Grace went on to explain that some of the people in the party had been there during the fall of Ugarth’s kingdom. They had been uncertain where the creatures had come from, but they had assumed that it was an Iuzian attack, some sort of biological warfare.

“But these portals aren’t Iuzian,” Wiliken suggested. “They’re far too primal, too asymmetrical. They almost look like they were created on accident. Far too crude for an empire with advanced teleportation capabilities.”

“I believe you’re right,” Grace said.

Shortly after they’d arrived, the portal popped shut, leaving no evidence of its previous existence. The party returned to the Felshore knowing nothing more than they had the previous evening, but Jenkins held another council just the same. When they explained what they had seen, Jenkins said, “If there are other such portals, I believe I can track them down. I will need the help of our githzerai friend.”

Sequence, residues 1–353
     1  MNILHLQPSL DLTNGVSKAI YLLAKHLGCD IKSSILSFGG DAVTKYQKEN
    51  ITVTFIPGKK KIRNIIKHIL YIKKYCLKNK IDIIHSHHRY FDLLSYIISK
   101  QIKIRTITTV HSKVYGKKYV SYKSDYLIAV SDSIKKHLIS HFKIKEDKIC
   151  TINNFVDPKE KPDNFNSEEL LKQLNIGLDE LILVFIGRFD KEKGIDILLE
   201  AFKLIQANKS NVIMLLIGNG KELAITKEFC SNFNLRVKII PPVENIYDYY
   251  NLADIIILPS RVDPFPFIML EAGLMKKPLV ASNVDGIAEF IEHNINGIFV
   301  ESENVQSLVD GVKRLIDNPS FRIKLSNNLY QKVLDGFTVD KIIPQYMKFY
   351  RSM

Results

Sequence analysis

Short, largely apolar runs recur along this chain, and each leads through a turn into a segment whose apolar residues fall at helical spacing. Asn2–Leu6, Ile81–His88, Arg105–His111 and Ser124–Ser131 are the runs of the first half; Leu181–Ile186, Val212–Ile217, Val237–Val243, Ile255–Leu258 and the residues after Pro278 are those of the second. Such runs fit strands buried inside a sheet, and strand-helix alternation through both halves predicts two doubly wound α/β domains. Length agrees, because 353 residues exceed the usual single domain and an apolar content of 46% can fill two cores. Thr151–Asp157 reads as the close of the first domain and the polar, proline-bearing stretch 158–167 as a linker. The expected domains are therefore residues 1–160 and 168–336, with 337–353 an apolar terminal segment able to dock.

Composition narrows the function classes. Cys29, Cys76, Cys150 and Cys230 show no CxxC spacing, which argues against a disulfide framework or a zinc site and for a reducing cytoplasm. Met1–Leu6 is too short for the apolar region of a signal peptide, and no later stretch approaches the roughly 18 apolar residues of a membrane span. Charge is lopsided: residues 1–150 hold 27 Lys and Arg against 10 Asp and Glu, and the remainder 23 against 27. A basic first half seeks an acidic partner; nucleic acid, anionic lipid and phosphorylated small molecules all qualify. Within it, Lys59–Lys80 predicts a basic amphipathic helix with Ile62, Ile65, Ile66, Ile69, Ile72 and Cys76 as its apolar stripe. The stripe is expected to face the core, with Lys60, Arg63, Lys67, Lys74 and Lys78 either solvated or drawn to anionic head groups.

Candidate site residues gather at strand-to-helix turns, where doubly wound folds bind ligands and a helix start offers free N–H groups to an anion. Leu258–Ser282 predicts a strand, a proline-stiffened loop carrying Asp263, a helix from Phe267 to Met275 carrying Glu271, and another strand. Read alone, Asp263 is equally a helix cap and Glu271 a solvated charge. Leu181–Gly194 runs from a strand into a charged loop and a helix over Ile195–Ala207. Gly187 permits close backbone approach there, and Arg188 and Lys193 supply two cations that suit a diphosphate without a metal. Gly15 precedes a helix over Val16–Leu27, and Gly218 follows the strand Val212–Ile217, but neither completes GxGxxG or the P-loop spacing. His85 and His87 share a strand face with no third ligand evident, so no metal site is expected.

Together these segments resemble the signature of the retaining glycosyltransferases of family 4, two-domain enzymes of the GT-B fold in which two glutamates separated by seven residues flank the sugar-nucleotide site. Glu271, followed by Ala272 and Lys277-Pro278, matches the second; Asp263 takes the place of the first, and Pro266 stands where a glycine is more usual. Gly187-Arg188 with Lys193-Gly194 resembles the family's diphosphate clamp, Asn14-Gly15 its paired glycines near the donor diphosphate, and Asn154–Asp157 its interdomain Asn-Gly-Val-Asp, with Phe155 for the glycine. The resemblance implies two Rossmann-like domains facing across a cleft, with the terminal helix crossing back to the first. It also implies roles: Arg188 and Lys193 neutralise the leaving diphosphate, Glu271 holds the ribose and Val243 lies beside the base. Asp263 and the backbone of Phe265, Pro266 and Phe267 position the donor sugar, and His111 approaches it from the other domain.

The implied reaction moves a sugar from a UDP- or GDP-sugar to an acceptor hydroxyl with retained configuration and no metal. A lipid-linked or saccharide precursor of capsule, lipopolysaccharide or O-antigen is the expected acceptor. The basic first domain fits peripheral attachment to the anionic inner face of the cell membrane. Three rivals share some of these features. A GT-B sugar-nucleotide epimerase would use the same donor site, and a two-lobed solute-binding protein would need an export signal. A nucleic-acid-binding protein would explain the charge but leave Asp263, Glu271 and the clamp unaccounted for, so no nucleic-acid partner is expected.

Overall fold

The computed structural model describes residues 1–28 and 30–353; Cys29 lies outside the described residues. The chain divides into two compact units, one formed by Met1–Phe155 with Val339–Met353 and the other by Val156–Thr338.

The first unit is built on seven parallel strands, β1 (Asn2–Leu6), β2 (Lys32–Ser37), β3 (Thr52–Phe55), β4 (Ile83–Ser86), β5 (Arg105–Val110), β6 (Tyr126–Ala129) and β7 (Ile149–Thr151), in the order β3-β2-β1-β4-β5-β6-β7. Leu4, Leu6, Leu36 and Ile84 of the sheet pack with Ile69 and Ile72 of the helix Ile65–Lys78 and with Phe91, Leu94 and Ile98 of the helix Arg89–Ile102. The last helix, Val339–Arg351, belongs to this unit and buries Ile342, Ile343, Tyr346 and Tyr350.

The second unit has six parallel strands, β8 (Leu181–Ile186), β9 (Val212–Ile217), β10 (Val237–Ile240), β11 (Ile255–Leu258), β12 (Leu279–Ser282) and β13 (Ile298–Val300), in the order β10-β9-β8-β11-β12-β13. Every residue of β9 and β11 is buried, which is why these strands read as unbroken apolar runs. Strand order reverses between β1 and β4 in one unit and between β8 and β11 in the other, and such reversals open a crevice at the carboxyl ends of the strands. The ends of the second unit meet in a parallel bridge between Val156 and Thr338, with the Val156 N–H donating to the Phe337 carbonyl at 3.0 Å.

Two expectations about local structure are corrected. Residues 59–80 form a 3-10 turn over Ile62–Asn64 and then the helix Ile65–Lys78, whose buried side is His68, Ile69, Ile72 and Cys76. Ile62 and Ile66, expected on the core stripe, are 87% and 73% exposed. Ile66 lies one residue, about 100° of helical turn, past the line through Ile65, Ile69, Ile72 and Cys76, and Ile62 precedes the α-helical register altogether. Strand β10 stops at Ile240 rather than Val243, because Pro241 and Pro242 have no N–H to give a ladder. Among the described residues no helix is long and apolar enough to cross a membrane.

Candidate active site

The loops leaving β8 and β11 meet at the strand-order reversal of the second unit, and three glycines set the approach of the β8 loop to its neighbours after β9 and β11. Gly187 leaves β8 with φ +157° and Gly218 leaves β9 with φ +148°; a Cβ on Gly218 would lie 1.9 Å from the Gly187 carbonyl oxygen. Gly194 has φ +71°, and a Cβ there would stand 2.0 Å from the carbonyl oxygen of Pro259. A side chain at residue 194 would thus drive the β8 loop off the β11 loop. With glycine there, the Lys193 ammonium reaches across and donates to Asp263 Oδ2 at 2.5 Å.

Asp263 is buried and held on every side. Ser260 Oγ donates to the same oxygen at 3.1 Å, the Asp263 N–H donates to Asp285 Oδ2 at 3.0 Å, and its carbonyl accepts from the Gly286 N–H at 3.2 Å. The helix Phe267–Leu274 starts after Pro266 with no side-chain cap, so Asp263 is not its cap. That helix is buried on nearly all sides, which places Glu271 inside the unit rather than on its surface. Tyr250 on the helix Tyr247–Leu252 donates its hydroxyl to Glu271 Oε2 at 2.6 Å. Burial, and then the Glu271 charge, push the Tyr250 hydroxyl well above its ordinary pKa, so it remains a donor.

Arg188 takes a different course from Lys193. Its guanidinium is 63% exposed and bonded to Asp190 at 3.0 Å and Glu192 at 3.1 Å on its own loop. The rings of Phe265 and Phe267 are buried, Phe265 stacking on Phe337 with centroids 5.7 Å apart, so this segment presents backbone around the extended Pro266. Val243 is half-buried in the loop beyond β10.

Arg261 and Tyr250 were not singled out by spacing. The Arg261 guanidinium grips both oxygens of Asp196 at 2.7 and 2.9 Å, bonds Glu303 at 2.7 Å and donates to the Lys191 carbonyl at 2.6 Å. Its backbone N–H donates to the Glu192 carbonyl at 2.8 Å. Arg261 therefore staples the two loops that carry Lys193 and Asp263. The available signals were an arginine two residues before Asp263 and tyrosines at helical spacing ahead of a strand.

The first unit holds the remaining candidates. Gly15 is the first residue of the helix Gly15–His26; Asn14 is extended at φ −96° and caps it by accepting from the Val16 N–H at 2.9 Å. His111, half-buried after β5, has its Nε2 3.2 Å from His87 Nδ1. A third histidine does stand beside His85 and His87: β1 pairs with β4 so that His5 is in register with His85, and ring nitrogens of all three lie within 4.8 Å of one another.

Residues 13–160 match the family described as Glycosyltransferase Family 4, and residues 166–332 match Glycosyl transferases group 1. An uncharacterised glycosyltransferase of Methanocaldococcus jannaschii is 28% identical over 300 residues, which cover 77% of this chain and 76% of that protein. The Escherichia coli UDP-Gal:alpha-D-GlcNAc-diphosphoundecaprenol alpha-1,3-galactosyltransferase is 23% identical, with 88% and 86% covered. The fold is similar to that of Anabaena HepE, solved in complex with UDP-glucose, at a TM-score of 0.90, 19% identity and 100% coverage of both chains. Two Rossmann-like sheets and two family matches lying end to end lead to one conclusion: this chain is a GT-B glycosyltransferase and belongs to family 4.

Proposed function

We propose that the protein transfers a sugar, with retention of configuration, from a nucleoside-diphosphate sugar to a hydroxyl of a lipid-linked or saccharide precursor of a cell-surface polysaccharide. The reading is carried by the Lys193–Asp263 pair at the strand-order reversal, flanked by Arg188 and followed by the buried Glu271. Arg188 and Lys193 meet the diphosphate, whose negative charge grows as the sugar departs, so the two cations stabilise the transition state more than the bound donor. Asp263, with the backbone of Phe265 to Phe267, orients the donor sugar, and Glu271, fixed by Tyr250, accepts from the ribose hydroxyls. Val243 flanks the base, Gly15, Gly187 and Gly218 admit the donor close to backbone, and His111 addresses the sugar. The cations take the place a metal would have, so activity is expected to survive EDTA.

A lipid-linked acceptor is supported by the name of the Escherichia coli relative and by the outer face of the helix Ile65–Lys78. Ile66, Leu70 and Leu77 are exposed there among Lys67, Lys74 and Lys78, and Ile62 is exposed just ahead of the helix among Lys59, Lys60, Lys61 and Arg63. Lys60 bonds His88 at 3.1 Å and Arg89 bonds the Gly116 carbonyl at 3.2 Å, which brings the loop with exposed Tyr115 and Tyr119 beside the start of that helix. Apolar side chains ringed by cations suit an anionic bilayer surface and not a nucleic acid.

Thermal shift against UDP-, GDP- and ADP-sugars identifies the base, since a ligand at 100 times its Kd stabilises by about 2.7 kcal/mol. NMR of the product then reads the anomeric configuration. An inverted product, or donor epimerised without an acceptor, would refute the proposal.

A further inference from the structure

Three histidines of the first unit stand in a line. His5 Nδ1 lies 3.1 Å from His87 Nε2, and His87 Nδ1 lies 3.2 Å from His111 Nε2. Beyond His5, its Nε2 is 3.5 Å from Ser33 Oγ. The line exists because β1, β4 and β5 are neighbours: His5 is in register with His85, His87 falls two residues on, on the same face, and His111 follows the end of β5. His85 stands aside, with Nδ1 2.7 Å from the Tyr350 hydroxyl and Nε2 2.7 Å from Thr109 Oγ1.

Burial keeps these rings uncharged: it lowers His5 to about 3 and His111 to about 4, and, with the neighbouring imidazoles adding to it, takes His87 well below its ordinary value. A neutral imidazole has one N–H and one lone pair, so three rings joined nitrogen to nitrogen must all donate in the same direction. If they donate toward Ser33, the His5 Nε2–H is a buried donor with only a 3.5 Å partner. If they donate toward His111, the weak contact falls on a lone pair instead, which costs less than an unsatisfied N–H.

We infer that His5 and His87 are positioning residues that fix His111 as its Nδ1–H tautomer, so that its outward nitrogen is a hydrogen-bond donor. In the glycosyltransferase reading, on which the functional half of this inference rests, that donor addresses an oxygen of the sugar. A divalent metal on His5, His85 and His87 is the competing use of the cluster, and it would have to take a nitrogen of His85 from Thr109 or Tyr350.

“You will have it,” Wiliken said.

Ugarth, Grace and Jean-Baptiste pledged their support as well in the search for the next portal.

“Would you care to join us, Douglas?” Wiliken asked. The human stood next to Jenkins with his arms crossed. He considered for a moment before saying, “I have more pressing things to do here in town.”

The others parted to make preparations for their departure, but Wiliken lingered behind.

“Can you give us some privacy, please?” Jenkins asked Douglas. Douglas looked at the wizard angrily before stomping off.

“How may I be of service?” Wiliken asked.